Giggitte Phiri, Placecol Franchisee

With a strong background in HR, this franchisee has achieved balance in a brand new mall, found the best in a refreshed franchise concept, and leveraged her franchisor-franchisee relationship.

Giggitte Phiri, Placecol Franchisee

The days before franchising

“I’d been an HR executive for a company in the pharmaceutical and medical industry for many years, as well as in retail for a national retailer. I didn’t want to work the usual nine to five for someone else my whole life, and having been a customer of Placecol and loving the brand, it was a natural choice to investigate opening a Placecol franchise.”

Phiri had investigated a number of brands before settling on Imbalie Beauty and Placecol. “I chose it because the brand is well-known and the model is proven. But with Imbalie in particular, they’re open to franchisee suggestions and I wanted my salon to be a one-stop-shop to include a hair bar that catered for all hair types.”

Setting up shop

“What people don’t always realise is the time factor. The whole process of opening my doors was close to two years. I was looking in the area I live in for a good location before I even approached Placecol. I knew that Forest Hill City mall was going to be built so I approached the developers, explained my interest and asked about the process of applying. I then went to Placecol saying I wanted to be a franchisee and I’d found a site. They helped with vetting and negotiating the lease with the developers.”

Financing the franchise

“It had always been my intention to own my own business, so I’d saved about 90% of the capital. The remainder I financed through the bank, but I’d recommend to any franchisee that they have as much as possible. Even if you have backing from a bank, their wheels turn very slowly.” In Phiri’s case they required a lease agreement from the mall developer, which took so long that when Phiri opened her store on 29 May, the bank’s funding still hadn’t come through. “Luckily I had the capital to pay salaries.”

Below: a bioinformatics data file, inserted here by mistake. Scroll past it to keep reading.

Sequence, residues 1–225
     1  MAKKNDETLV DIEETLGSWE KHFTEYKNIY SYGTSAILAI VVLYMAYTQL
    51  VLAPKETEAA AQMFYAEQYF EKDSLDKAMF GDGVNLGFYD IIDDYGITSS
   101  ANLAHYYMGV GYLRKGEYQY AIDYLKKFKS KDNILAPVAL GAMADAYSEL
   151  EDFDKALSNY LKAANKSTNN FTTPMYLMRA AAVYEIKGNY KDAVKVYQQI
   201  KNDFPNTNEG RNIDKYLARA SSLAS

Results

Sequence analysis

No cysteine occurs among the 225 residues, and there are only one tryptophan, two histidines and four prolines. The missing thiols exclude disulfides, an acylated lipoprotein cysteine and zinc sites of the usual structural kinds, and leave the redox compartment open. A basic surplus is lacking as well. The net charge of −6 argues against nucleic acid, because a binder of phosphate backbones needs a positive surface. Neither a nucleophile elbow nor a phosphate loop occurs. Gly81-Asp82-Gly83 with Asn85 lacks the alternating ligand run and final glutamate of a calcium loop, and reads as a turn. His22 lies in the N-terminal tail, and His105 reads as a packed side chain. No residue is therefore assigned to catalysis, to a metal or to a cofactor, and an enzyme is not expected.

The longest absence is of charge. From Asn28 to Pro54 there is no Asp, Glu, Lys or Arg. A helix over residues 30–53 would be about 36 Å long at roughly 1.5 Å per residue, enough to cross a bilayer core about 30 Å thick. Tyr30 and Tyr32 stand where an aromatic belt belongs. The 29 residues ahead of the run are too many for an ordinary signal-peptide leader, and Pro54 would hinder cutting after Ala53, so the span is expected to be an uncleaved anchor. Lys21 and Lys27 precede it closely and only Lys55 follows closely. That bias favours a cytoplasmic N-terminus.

Unexpected challenges

”The developers expected the mall to open on 17 April but it wasn’t complete. By the time I opened the following month, the centre was just over 50% complete, many tenants were absent and it wasn’t attractive to customers.”

Phiri used her HR and negotiating experience with the backing of Imbalie Beauty to discount her lease. “Mall rental is very expensive. We negotiated the rent down and re-worked the annual escalation and centre marketing fees.”

Yet more challenges

“You have to be prepared for every eventuality. In a mall there’s no guarantee you’ll be the only one of your kind. There are a number of hair and beauty concepts operating in very close proximity to me, so I have to ensure impeccable service and actively market the store with specials and discounts.”

Your franchisor relationship


“It’s essential you have a good relationship with your franchisor. Esna Colyn and her team aren’t afraid to get their feet wet or take their gloves off for their franchisees, but they’re also open to suggestions. It’s very give and take. I have a new concept store, and wanted to add a hair bar. They helped evaluate its viability and source suppliers. Similarly, Esna came to me one day saying she’d found amazing wigs. I needed convincing this time, but haven’t looked back.”

Getting customers

“You’re ultimately responsible for getting customers. The franchise marketing fee I pay goes to campaigns that benefit the whole group, and the marketing fee I pay the mall goes to marketing the mall, not me specifically. I spent a good two months canvassing outside the mall, I’ve set up a Facbook page, and my staff canvas internally. You have to be proactive and offer specials and packages that appeal to your market at different times of year.”

Managing cost of business

“Retail hours are long – Monday to Thursday is 9am to 8pm, Saturday 9am to 9pm and Sunday 9am to 5pm. Because the mall was incomplete and tenants were complaining, they offered temporary shorter trading hours. I strategically chose to keep the late trading time because it suited our customers who are working professionals. Customers vote with their feet, so if someone called at 7pm for an appointment we could accommodate them.”

To keep the cost of business in check when mornings are quiet, Phiri uses a sophisticated scheduling system. “When I spoke to other franchisees, they were doing their own thing. I approached my network in the retail industry to get more sophisticated scheduling software, and it means I can see when there are busy times, when I can afford skeleton staff, and can ensure they work their 194 hours per month across three shifts a day.”

Tracy Lee Nicol
About the Author
Tracy-Lee Nicol is the managing editor of Franchise Zone Magazine and deputy editor of Entrepreneur Magazine. She studied her Masters degree in Art History and Visual Culture at Rhodes University and spent the next two years working and travelling in Asia. Her love of people, business and teaching is reflected in telling the stories of entrepreneurs, franchisees and franchisors, inspiring others to take the leap to being their own boss and bringing about positive change in South Africa.

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